Thank the dark gods for their mercy, but it appears we’re finally getting a handle on the virus that has seriously disrupted—and ended—so many lives around the world. This isn’t to say it’s time to go back to normal or to let our guard down yet, but it’s great to finally have some good news to celebrate.
Needless to say, the worst thing about COVID-19 is the loss of life and rampant illness. Of course, as we all know, the pandemic’s shadow doesn’t just loom over our physical and mental health but our livelihoods, our social lives, and our personal freedoms.
Yet, as with so many protagonists in horror fiction, I believe the challenges we’re enduring may ultimately make us stronger, more resilient, and dare I say, better. Perhaps what axe-wielding maniacs and shape shifting demons have done for our favorite horror heroes, the pandemic can do for us. Indeed, I’d go so far as to say that the coronavirus might be a catalyst for the most positive societal transformation the world has seen since the Enlightenment (or, contrarily, a global devolution, but let’s look on the bright side for once, eh?).
I’ve deliberately kept a low profile during the last few weeks, not wishing to add to the flood of (mostly mis)information flowing from the fingers of the anxious and ill-informed.
I wanted to break my silence by assuring you that I’m not here to fan the flames of fear, but to help put them out. While we’re not out of the coronavirus woods yet, it may be that before very long we’ll be approaching the edge of the forest. Indeed, China’s outbreak peaked sometime in February—with only a trickle of new cases these days—with life over there in the process of returning to normal.
If the most densely populated nation in the world that made zero advance preparations for this pandemic is through the worst, that bodes very well for everywhere else. I’m not saying there aren’t challenges ahead, or that governments shouldn’t be enacting strict measures, or that people shouldn’t be taking precautions. To nip this in the bud, we’ve all got to come together (not literally!).
While I don’t want to downplay things, trends do suggest that COVID-19 will peak and decline before very long in most regions of the world. It’s this evidence-based optimism that makes me feel justified to write not about the pandemic itself, but people’s reactions to it.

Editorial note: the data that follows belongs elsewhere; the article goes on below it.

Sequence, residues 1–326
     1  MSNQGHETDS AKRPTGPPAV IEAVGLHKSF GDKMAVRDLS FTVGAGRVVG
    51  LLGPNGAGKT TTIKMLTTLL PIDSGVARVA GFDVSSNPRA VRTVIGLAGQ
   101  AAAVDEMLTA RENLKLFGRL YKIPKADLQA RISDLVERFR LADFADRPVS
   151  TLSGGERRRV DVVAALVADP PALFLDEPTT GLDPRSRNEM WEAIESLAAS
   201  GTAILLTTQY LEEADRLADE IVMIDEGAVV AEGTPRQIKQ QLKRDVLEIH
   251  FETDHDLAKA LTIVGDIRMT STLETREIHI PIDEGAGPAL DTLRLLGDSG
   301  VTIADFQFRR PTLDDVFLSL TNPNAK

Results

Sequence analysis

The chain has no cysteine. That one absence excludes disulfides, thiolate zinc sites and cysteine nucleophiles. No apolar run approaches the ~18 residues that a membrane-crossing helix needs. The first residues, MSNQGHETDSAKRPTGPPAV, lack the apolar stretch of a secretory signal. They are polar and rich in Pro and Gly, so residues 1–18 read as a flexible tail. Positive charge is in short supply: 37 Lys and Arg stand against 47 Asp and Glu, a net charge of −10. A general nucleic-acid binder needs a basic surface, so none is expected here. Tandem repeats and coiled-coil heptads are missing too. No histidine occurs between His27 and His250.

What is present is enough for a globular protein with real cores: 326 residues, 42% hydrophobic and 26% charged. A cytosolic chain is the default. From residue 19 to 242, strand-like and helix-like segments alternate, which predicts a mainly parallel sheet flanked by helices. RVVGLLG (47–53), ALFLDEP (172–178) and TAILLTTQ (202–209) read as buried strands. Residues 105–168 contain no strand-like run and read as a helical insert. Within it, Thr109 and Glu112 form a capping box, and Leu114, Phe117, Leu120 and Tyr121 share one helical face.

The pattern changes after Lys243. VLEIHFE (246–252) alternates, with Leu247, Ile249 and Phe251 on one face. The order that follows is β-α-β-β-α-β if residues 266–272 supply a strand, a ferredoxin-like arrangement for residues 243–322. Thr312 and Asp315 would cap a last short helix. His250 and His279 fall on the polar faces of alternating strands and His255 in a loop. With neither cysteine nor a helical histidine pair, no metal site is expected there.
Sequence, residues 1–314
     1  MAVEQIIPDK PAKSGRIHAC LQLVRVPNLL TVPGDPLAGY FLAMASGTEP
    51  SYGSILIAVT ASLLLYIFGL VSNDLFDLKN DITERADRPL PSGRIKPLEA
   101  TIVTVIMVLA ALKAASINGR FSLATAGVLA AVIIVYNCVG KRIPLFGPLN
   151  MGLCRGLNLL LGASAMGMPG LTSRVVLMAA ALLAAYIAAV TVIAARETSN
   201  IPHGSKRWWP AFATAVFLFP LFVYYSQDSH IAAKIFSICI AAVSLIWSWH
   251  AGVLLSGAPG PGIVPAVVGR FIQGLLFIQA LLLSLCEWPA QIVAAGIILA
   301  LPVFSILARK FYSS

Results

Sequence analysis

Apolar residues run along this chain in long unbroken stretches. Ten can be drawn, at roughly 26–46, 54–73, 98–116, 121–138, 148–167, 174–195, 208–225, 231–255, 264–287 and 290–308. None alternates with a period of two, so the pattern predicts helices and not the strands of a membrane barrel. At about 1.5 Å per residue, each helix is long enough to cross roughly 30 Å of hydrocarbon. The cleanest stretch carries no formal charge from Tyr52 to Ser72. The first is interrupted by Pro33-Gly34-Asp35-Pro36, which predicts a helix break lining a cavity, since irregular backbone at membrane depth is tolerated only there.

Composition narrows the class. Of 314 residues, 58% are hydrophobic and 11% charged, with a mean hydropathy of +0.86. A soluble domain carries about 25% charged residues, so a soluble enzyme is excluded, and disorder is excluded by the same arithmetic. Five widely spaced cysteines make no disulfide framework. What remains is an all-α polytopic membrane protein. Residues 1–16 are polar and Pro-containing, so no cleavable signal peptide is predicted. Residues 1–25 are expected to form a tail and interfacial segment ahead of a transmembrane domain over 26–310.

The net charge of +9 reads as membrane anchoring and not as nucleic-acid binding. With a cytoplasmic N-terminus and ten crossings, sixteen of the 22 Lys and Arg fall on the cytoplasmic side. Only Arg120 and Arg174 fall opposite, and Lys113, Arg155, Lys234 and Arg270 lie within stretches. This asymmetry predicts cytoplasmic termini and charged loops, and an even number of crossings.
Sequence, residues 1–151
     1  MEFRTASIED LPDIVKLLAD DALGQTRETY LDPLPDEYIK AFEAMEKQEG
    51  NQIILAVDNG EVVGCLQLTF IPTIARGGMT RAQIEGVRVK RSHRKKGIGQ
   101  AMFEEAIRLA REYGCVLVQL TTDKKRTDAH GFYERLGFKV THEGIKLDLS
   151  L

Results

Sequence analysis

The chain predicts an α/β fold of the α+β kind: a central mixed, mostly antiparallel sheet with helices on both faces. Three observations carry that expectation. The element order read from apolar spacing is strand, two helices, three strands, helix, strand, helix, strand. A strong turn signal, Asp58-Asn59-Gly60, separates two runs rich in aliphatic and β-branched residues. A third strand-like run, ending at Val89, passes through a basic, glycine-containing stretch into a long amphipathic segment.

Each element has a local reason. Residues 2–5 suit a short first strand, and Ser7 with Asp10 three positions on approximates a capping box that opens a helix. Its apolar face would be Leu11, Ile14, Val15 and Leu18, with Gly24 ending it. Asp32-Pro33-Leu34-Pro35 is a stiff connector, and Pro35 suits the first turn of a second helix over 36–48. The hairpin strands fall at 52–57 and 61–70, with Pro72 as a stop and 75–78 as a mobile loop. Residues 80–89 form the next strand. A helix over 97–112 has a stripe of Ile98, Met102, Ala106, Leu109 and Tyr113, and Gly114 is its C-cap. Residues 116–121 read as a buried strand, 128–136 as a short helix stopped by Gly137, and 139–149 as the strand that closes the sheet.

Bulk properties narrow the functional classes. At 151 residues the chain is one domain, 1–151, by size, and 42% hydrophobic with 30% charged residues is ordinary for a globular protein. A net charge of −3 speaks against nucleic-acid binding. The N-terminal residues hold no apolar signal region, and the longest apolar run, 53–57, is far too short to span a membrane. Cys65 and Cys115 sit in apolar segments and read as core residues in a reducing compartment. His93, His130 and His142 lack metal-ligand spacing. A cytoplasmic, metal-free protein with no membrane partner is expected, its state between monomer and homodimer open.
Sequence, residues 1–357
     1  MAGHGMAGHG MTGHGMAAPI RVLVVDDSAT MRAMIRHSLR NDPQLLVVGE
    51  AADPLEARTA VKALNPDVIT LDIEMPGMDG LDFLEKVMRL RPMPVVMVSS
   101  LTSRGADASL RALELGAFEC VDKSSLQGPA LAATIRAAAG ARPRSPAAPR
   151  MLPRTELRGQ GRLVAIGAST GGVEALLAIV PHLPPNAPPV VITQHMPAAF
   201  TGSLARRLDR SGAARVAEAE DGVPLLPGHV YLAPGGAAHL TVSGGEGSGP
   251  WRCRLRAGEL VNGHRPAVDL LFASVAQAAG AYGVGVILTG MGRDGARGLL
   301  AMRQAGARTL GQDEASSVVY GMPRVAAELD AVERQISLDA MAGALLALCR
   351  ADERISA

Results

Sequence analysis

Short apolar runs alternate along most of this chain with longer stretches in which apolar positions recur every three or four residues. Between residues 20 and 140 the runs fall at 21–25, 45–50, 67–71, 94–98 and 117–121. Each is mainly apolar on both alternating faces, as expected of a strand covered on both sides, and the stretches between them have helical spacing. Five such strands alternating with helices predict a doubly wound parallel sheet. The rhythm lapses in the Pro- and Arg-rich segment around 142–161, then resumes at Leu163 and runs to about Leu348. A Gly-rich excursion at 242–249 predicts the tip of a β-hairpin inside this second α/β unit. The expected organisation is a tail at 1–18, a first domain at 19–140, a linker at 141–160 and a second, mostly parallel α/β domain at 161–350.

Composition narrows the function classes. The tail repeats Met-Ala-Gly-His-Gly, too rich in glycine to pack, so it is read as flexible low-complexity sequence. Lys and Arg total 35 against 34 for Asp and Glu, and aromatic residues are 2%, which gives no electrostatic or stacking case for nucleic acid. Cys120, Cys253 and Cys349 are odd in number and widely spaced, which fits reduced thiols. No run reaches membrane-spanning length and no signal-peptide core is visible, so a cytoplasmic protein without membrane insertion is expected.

Simply put: People haven’t been reading enough horror fiction and it shows.
Some of you may be aware that I’ve been researching/writing/worrying/warning about disease outbreaks in both a fictional and journalistic capacity for over a decade, specifically since the 2009 H1N1 pandemic. So, back in January, while the world was distracted with who was saying what mean words to whom on social media, I was paying close attention to the outbreak of a new respiratory ailment in Wuhan, China.
Having read many zombie novels, I recognized the plot line: A handful of cases in some far-flung region. Initial reports suppressed or dismissed. When the reality of the incidents could no longer be denied, people telling themselves it couldn’t happen here. And then, before long, the zombies scratching at your door.
While I didn’t expect corpses to reanimate (OK, maybe a little), I did begin to physically and psychologically prepare for what I knew was probably inevitable. I started disengaging from public social events, stocking up on food and other household products, and quietly suggesting others do the same (nearly all of whom ignored me and/or thought I was crazy).
The result was that, come March, when people were finally starting to wake up to the situation and began freaking out, my anxiety had already peaked and is now on the downslope. What this means is I’m not needlessly feeding the collective fear by emotional venting, spreading inaccurate (or out of context) information, or prognosticating apocalypse.
Speaking of feeding, since I had already procured my necessities during a time of overabundance, I didn’t need to do any last-minute panic shopping and add any stress to the supply chain. (The most ironic thing about panic shopping is that it’s a self-fulfilling prophecy: When everyone buys way more than they need all at once for fear of running out, they genuinely do create scarcity). Had more folks paid closer attention to zombie novels, perhaps there would now be enough toilet paper to go around.
While horror fiction can certainly warn us about specific calamities such as disease outbreaks, its much greater benefit is how it can help prevent a lot of needless panic, which is more dangerous than any pandemic.
In other words, reading horror fiction is like a vaccine, inoculating you with a harmless germ of terror to build up your immunity for when shit really hits the fan.
The COVID-19 pandemic is but one example of multitudes, as life itself is full of both rays of light as well dark twists and turns we’d best prepare for. This isn’t to say we let ourselves be consumed by the shadow by, say, reveling in snuff films or drinking wine from the skulls of our enemies. But we can’t afford to ignore it, either.
To the contrary, people’s largely unhelpful and sometimes hysterical reactions to recent events prove that the world could benefit from more people who have built up a bit of tolerance to fear. And it just so happens horror fiction is one of the best tools at our disposal to help us get there.